Liam Coyle Source: Billy Stickland/INPHO

“Many new players had arrived,” he says.

“But they were good men too and we had a good team. It was a little different but I enjoyed it.”

Krstic wasn’t as explosive with his goalscoring in his second spell but that had a lot to do with Liam Coyle and Jonathan Speak battling for game-time too.

Not that he holds a grudge. Krstic veers off-topic for a moment to give a glowing assessment of the mercurial Coyle, who he brought to see a specialist in France in an effort to help him with persistent knee problems.

“He was young but he was talented,” he says.

“If he didn’t have the problems with his knee, he’d have made a very, very good career. He was an intelligent footballer. But it’s not important what you achieve, really. It’s important that you finish your career with the feeling that you’ve done the absolute maximum and take pleasure in what you’ve accomplished. And Liam is so revered. He’s left something so special in the history of Derry City.”

For Derry’s famous European Cup tie with Benfica, Krstic got the nod for both legs but missed a penalty in the Stadium of Light as Derry suffered a heavy defeat.

At the end of the campaign, he headed to France and later finished his career in Portugal before becoming a well-known football agent representing clients like El Hadji Diouf and Stephane Dalmat. He currently splits his time between Serbia and France but Derry is forever at the forefront of his mind.

“I went to France, Germany, Portugal and it was fantastic but Derry was something special,” he says.

I had never seen people so friendly and nice. I’m 56 now so I don’t have reason to bullshit but I fell in love with Ireland. There was something special there. I still have very good friends there and I became a natural ambassador. I love these people. Everywhere I went people were so nice. I never had a problem anywhere. And it wasn’t because I was a footballer because sometimes people didn’t even know. I went back to Derry last October and people were still recognising me after 30 years. I wouldn’t even recognise myself, to be honest. I was very proud because that doesn’t just mean I played well for the club but that I behaved properly and people remember me as a man.”

“I was touched that they still remembered and still think of me after that amount of time. When I speak to people in Belgrade or France, I always tell them to go to Ireland. There was a TV commercial at one stage – ‘The first time you go for Ireland, the second time you go for Irish people’ or something like that. I just always thought it was perfect. It was the exact truth.”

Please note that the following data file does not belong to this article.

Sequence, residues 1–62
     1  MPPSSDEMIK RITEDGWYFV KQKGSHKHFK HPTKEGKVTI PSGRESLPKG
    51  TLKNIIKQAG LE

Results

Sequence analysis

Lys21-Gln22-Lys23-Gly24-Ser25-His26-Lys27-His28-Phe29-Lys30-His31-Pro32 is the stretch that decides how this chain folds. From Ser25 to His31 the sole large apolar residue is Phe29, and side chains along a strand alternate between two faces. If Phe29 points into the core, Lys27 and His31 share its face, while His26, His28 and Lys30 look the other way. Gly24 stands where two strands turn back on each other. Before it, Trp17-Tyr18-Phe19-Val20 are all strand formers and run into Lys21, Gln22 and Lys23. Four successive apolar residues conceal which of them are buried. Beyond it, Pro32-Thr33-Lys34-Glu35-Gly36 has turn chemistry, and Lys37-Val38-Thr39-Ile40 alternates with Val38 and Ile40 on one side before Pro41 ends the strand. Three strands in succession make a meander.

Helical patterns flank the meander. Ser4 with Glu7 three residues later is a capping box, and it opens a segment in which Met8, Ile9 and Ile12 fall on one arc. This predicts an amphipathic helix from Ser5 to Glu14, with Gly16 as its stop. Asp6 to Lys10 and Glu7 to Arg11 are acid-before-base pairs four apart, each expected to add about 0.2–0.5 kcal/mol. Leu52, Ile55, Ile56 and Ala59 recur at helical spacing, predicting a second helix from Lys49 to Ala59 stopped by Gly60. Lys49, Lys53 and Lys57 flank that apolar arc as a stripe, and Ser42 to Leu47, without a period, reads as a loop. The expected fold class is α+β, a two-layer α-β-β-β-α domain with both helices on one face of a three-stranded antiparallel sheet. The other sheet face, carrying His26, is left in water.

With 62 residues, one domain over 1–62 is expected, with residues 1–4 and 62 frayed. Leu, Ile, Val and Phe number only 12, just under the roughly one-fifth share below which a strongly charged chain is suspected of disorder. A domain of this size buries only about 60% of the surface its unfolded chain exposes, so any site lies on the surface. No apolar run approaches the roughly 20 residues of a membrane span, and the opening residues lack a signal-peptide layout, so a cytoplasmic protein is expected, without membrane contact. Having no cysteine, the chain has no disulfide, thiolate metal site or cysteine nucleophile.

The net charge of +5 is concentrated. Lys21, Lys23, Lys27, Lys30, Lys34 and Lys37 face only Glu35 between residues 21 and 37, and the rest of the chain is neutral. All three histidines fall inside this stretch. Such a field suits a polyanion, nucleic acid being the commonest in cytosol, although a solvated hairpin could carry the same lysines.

There’s one moment that he’s particularly fond of.

“We were playing a cup game down in Cork,” he says.

“The season before Derry had been beaten and there was a lot of tension around the fixture. Richie Kelly from Radio Foyle came to my home a few days beforehand for an interview. And he was asking about my thoughts on the game and I don’t know why but I said to him, ‘Listen Richie, I know I’m going to score three goals. So, unless we concede four I don’t see how we’re going to lose’. And my wife was sitting next me with the baby and she went crazy at me. ‘Did you hear what you just said?’ She was so angry. But I scored three goals and we won the game. I was so worried beforehand – ‘Fuck, maybe I should’ve kept my mouth shut’. But, it turned out to be one of my favourite memories.”

Krstic only spent two seasons playing League of Ireland football but he remains a cult hero. He’s a figure from a different era but also so specific to Derry’s reemergence from the shadows. When local supporters wanted and needed something to get behind, Krstic and his team-mates stepped up and provided for the community. It went beyond football and it was lightning in a bottle. A chemistry experiment that worked to perfection and probably impossible to try and replicate.

“The foreign players brought something different,” he says.

“But we kept the same spirit. And that was important for the fans too. It’s one thing when you have locals loving the city and the club and the country but when you have foreigners doing the exact same, it’s something completely different. I feel that I’m like an Irish ambassador. I was back in Belgrade recently and I met two Irish guys on motorbikes. I couldn’t pass them without asking if they needed anything and I left my phone number with them. Because people were so nice to me in Ireland you feel like you have to give something back. I was so happy there and it was such a big part of my life.

We had fantastic fans, fans that loved football and who were behind us all the time. They were happy once we gave everything.”

Krstic wants to add one more thing before we finish up. He wants to say something about the players he lined up alongside.

“We had good men,” he says.

“Not just good footballers.”

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About the author:

Eoin O'Callaghan